One of the things I’ve quietly discussed with sympathetic colleagues every now and then is how much faith and religion is neglected in the international ‘development’ scene in a bid to improve the lives of the most vulnerable and marginalised. It stems from both from day-to-day experience working within communities and cultures where that is such a natural and fundamental determinant of daily decisions and ways of looking at the world for so many; and a basic intellectual argument that even if in the West we seem to pride ourselves on our secularism, we’re hardly going down a great path and there’s a heck of a lot of value to be found in faith and religion vis-a-vis ‘development’. And yet all the ‘strategies’ and ‘programs’ lump religious and faith concerns in with just ‘social’, ‘cultural’ and ‘psycho-social’ issues…all important categories but none of which really encompass the importance of faith and religion. ‘Leveraging’ the power of faith and religion to help ‘improve’ the lives of the poorest of the poor at the very least shifts the conversation in a positive direction that begins to explore the fact that even the word ‘improvement’ is indeed defined very differently by different peoples, cultures, faiths and between communities ‘benefitting’ from development and organisations undertaking development work. That perhaps ‘suffering’ is not as clear cut as we might think.
Ok, I know this is not specifically Catholic, but similar to my post about the guard outside my house…to hope to get Catholic (catholic?) conversation back into the public sphere (and ‘international development’ is a critical public sphere), any conversation that welcomes a religious perspective is a healthy start…
Hence I was pleased to see a new Barefoot Guide to Mobilizing Religious Health Assets for Transformation
Here’s a few good quotes that I’m happy to see coming out…
“The connection between religion and public health is important. This is not just an opinion but a fact. For example in Africa, depending on the country, anything between 20-70% of public healthcare is delivered through religious institutions or groups.”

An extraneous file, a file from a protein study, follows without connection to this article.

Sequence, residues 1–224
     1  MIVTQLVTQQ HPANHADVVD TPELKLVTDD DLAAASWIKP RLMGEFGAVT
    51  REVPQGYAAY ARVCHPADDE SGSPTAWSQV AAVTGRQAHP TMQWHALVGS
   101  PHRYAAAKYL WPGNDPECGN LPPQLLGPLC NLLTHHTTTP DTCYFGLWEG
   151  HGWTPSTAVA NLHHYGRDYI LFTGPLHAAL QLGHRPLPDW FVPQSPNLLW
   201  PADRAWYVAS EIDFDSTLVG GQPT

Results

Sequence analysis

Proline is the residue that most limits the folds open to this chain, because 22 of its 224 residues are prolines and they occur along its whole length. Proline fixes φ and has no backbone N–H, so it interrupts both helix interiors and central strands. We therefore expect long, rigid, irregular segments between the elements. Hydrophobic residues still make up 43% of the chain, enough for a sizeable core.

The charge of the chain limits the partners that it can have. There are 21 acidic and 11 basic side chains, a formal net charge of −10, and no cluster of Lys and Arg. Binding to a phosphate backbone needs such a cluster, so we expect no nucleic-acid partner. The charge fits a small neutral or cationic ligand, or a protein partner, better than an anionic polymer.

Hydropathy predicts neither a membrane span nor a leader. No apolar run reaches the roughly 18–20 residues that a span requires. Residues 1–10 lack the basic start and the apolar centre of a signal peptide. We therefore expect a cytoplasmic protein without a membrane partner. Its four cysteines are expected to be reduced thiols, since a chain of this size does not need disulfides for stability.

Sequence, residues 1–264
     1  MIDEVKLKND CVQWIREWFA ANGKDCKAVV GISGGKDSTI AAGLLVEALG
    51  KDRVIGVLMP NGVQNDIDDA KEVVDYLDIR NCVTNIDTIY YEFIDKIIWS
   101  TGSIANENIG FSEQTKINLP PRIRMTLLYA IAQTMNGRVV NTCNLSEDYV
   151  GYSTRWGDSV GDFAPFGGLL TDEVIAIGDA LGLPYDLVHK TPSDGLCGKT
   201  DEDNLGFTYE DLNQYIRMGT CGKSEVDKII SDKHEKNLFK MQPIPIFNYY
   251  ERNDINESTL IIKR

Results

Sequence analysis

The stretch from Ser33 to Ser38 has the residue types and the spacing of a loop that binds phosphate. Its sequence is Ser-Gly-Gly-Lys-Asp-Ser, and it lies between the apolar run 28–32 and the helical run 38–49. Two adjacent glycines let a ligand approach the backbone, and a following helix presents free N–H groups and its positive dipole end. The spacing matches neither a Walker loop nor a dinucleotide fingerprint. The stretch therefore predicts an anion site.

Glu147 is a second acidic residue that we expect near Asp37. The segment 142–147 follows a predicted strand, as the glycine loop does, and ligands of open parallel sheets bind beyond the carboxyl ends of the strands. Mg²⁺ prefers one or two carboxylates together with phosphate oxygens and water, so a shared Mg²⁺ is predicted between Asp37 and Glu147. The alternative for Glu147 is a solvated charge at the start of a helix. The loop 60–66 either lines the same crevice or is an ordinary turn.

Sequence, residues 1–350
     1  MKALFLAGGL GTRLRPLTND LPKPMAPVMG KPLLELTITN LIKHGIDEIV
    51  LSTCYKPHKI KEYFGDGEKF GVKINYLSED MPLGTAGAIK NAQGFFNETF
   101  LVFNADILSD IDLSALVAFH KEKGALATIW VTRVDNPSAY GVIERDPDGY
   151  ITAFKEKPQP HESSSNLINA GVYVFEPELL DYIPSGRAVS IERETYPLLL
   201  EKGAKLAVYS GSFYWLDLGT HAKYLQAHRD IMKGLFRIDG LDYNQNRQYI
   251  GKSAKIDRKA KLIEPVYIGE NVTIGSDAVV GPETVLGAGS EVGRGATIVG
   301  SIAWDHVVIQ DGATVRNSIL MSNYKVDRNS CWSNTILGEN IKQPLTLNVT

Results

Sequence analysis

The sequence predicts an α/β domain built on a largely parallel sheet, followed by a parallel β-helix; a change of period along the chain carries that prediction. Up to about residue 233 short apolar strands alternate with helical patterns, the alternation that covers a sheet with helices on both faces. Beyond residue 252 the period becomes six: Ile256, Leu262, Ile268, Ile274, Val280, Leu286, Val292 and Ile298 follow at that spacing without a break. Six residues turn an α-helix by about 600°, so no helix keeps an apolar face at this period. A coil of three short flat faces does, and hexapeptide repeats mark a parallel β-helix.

“Health has never been just about medicine….Science, engineering, or public health is still only half the story! Just as important – maybe more – is how people act towards each other. With each other. Offering all kinds of care and support. Not only as individuals, but for the sake of all who lived in the city. For the sake of the public, we can say. For many people, this comes from their spirit, their faith, their deepest identity.”
“Public health at its root — like religion in its deepest foundations — is not just a set of specialized ideas and practices, but a way of seeing and working on the health of the whole people, the public.”
“…if we understand health quite broadly–as about full human (and natural) well-being – then health is actually
right at the heart of deep religious ideas in many traditions! It’s about a whole, healed world, where unnecessary suffering and pain is done away with, where people live in peace with each other, and with the earth and its creatures. Actually, that’s also what the World Health Organization calls health! It’s not just the absence of disease, the WHO says. It’s the presence of a full and healthy life for all!”
“Health is about the whole of life, and it includes our relationship to others, to the environment, to everything. That’s where it overlaps with religion. And that’s why many religious people get involved in the health of the people. They do all sorts of things, some you can see or touch, like starting a hospital, a clinic or a project, some you can’t, like give care, compassion or emotional support. In that way, religion works as an asset.”